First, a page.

Stansted (STN) is London's third airport, and is dominated by the two low-cost airlines EasyJet and Ryanair who use the airport as a hub, as well as holiday charter airlines Thomson and Pegasus. Stansted also accommodates a few other scheduled carriers within Europe and a small number of inter-continental flights.
London City Airport
A commuter airport close to the City's financial district, and specialising in short-haul business flights to other major European cities. There are a growing number of routes to holiday destinations including Malaga, Ibiza and Majorca. There is also a business class only flight to New York JFK operated by British Airways.
London is the hub of the British rail network - every major city in mainland Britain has a frequent train service to the capital, and most of the smaller, provincial cities and large towns also have a direct rail connection to London of some sort - although the frequency and quality of service can vary considerably from place to place.
London is the hub of the UK's road network and is easy to reach by car, even if driving into the centre of the city is definitely not recommended. Greater London is encircled by the M25 orbital motorway, from which nearly all the major trunk routes to Scotland, Wales and the rest of England radiate. The most important are listed below.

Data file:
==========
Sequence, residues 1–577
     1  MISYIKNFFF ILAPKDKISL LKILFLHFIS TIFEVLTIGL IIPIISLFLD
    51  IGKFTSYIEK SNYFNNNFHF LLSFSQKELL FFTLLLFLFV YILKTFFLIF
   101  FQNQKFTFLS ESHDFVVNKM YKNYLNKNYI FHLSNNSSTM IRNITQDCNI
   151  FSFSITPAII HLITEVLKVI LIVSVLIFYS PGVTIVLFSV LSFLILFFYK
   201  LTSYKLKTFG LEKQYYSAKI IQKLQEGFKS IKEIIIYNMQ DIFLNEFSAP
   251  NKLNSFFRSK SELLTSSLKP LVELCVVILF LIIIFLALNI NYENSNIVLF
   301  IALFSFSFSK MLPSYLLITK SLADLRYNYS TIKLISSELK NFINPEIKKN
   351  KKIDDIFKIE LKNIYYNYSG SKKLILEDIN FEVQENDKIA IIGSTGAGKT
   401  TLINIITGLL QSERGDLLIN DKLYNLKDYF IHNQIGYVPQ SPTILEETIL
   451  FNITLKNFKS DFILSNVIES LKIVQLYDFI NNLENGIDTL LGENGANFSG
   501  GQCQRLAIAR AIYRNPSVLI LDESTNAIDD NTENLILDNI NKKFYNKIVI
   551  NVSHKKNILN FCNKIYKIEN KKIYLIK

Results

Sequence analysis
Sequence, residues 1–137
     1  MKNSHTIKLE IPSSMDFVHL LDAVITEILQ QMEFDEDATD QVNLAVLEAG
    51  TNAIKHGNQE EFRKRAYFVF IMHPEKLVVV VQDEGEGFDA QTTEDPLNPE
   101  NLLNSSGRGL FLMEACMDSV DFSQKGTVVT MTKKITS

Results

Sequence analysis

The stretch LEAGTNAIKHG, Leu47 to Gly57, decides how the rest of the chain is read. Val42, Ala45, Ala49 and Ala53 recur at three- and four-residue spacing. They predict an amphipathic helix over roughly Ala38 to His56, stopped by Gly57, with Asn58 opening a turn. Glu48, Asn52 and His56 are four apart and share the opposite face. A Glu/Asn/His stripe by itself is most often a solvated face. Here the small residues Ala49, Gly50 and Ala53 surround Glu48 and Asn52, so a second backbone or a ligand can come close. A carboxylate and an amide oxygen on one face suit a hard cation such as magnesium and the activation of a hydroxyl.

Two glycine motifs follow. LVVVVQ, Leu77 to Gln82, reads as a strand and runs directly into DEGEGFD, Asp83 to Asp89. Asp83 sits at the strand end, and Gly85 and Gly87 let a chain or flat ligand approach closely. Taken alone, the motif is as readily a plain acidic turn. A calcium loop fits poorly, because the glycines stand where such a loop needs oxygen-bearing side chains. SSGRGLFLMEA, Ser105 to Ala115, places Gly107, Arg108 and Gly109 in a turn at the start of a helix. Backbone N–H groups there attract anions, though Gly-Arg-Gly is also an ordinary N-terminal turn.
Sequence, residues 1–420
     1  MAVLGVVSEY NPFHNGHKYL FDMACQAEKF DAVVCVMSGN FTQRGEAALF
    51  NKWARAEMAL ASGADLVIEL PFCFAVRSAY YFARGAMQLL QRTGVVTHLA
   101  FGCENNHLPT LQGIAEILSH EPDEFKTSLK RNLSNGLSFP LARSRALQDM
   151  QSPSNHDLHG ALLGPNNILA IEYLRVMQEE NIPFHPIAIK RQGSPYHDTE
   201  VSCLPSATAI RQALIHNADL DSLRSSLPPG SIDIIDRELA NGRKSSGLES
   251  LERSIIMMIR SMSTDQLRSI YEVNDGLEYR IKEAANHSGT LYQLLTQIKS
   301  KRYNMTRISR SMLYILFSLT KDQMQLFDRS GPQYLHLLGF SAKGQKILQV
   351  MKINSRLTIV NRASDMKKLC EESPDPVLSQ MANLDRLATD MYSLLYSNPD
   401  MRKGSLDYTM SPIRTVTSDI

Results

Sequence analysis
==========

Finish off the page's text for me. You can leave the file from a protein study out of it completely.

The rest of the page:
London has one of the most comprehensive public transport systems in the world. Despite residents' constant, and sometimes justified, grumbling about unreliability, public transport is often the best option for getting anywhere for visitors and residents alike.
In central London use a combination of the transport options listed below - and check your map! In many cases you can easily walk from one place to another or use the buses. Don't be a Londoner and only use the tube as a way of travelling longer distances - you're here to see London - you can't see it underground!
By tube / underground 11 colour-coded lines cover the central area and suburbs, run by TfL.
By Docklands Light Railway (DLR) Runs only in the east of the city, providing links with London City Airport, Canary Wharf/Docklands, Stratford (For Westfield Stratford City and the Olympic site) and Greenwich, privately run but part of TfL's network.
By boat Commuter boats and pleasure cruises along the River Thames, privately run but part of TfL's network.
Airport Express Rail services run to Heathrow, Gatwick, Southend, Stansted and Luton airports. The trains to Heathrow are privately operated and require a premium fare. The trains to the other airports are part of the UK rail network, but are beyond the TfL network, so Oyster is not valid.
By tram (Tramlink) A tram service that operates only in southern suburbs around Wimbledon and Croydon.